Four of the 10 school districts with the highest median teacher salaries in New Jersey this year are in Atlantic and Cape May counties, according to data included in the Taxpayer Guide to Education Spending released last week by the state Department of Education.

The four are Margate, ranked fourth at $91,045; Brigantine, fifth, at $89,900; Ocean City, seventh, at $89,036; and Atlantic City, 10th, at $88,318.

The highest median teacher salary in the state is in the Northern Valley Regional district in Bergen County, at $105,650. The lowest is at the Red Bank and Jersey City Global charter schools, at $42,000.

Superintendents in both Margate and Brigantine said their high median reflects the longevity of their teaching staff. Shrinking enrollment has meant teachers who retired have not been replaced by new teachers at the lower starting salaries, which would lower the median.

“Our teachers have been here an average of 20 years,” said Brigantine Superintendent Brian Pruitt. “When you have a veteran staff, most are at the top of the pay scale.”

Layoffs can also drive up the median salary, since cuts are made from the bottom due to last-in, first-out policies.

After the Atlantic City School District cut more than 100 teaching positions in 2015-16, the median teacher salary rose to second highest in the state, at $94,135. The median dropped this year as some teachers retired and some new hires were brought in.

Mullica Township is at the lower end of the scale, with a median salary of $53,588. Superintendent Andrew Weber said they have a large number of nontenured staff, but he expects the median to increase next year due to a reduction in force of nontenured staff caused by budget cuts.

Salary guides play a role in overall salaries. Mullica has a starting salary of just over $52,000.

Atlantic City’s starting salary in 2017-18 will be $52,227, while Margate’s will be $59,500. Both have salary guides that take 15 steps to get to the maximum, but in Margate, that maximum salary in 2017-18 will be $90,145 for a teacher with a bachelor’s degree, while in Atlantic City the maximum will be $95,920.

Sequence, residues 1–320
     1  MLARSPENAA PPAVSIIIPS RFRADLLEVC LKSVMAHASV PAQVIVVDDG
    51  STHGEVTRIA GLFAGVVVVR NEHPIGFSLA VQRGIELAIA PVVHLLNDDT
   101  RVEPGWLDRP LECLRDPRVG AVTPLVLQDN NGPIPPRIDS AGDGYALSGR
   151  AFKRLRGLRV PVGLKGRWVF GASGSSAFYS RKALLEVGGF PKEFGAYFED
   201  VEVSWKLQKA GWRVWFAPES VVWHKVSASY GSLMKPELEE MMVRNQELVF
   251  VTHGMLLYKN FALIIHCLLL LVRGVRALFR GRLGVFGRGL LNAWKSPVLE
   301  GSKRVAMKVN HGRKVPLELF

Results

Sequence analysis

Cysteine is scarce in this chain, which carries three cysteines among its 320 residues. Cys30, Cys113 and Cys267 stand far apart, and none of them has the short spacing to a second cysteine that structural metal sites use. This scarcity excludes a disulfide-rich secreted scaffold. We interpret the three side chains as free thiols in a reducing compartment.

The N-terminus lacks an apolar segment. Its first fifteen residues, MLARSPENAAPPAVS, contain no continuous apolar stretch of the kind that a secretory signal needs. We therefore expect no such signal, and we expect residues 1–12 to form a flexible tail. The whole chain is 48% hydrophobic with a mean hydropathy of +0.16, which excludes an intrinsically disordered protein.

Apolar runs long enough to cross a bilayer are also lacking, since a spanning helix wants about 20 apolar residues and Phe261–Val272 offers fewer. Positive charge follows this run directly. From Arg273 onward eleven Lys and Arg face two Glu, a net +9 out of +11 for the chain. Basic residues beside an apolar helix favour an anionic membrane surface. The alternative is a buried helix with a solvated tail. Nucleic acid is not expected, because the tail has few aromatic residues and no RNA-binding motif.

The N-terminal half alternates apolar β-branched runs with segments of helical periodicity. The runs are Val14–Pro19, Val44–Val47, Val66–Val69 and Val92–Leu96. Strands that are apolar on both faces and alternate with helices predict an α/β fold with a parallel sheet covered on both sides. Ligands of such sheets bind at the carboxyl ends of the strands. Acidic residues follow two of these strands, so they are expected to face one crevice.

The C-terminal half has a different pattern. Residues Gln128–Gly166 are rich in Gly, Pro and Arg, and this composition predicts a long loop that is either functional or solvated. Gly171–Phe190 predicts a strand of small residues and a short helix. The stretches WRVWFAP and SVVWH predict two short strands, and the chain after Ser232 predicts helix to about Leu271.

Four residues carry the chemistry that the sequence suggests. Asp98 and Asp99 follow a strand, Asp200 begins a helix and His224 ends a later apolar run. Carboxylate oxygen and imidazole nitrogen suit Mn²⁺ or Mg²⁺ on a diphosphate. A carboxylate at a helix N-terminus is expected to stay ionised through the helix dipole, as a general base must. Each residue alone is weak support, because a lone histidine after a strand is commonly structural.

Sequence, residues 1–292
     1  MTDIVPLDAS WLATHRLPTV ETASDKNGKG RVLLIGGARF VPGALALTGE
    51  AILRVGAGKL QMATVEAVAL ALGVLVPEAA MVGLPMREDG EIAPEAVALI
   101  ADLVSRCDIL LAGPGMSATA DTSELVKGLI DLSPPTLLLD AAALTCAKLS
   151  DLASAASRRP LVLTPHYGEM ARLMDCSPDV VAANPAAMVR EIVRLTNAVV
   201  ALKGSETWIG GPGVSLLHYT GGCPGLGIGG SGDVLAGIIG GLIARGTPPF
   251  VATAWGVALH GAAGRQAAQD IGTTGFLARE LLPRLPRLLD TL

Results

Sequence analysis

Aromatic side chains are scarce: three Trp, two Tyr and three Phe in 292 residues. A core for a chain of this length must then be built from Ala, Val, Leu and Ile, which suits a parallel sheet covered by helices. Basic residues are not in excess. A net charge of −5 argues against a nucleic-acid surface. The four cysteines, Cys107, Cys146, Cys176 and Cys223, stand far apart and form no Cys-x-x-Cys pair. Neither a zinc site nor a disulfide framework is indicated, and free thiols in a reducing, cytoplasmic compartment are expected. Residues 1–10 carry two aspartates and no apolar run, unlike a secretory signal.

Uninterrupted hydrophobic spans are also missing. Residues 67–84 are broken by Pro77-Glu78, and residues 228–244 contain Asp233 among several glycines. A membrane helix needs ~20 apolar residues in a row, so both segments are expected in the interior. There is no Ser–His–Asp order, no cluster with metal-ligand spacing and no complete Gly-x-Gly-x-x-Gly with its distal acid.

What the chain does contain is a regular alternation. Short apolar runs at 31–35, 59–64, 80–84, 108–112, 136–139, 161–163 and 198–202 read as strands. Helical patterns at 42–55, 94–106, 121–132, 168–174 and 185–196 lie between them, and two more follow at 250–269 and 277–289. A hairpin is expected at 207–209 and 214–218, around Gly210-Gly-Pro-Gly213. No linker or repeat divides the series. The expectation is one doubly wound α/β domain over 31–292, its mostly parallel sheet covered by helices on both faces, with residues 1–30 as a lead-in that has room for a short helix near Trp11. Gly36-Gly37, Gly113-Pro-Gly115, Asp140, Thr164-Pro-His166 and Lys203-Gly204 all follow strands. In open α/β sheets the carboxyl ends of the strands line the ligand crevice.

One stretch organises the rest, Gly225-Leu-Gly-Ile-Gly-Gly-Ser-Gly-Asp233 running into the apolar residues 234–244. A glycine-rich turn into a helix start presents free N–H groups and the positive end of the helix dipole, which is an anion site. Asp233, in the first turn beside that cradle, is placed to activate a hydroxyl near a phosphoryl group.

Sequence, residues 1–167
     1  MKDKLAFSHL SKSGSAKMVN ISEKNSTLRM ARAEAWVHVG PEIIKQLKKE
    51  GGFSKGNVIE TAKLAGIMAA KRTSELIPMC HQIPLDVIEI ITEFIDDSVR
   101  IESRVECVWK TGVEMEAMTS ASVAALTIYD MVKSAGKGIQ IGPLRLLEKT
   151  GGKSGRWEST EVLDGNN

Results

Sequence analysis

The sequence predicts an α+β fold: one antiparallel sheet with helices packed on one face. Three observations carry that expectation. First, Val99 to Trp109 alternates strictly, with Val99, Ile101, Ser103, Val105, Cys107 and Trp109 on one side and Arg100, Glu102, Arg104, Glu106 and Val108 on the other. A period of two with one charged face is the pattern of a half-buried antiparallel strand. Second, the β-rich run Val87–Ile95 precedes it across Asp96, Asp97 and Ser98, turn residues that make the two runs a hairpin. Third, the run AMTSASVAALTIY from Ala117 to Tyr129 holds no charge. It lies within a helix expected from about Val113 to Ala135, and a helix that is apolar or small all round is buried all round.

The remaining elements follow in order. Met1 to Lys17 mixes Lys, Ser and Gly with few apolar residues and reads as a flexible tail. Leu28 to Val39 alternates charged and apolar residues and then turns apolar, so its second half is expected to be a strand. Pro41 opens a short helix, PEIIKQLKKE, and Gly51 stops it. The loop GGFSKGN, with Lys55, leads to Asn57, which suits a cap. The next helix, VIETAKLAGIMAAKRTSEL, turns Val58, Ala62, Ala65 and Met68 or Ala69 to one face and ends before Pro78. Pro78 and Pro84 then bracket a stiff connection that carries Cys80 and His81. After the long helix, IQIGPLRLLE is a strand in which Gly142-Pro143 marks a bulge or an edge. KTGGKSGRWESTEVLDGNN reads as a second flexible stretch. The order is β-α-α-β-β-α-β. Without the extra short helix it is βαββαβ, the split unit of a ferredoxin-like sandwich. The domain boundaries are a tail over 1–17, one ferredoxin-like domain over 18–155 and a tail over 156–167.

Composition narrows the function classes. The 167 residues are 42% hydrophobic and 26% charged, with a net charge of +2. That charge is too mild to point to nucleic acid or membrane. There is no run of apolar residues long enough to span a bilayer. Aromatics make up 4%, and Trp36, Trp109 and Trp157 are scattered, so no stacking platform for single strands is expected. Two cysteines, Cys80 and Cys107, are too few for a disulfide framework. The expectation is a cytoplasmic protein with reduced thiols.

Longevity bonuses also can increase top salaries, and teachers get increases for earning more degrees, which can drive top salaries to more than $100,000.

Charter schools, which are often newer, have higher rates of teacher turnover and are not unionized, have the lowest salaries. Of the districts with the lowest median salaries, 20 of 21 are charter schools, all paying between $42,000 and $48,000 per year.

While salaries vary widely across the state, the New Jersey Education Association has been fighting for $50,000 minimum salaries for new teachers statewide. This year, at least 376 districts, more than half, pay entry-level teachers at least $50,000, according to NJEA data.

This year, four districts, Freehold Regional in Monmouth County and Rahway, Union Township and Westfield in Union County, have starting salaries of at least $60,000. Westfield has the highest starting salary at $62,960, according to NJEA research.


609-272-7241 DDamico@pressofac.com Twitter @ACPressDamico

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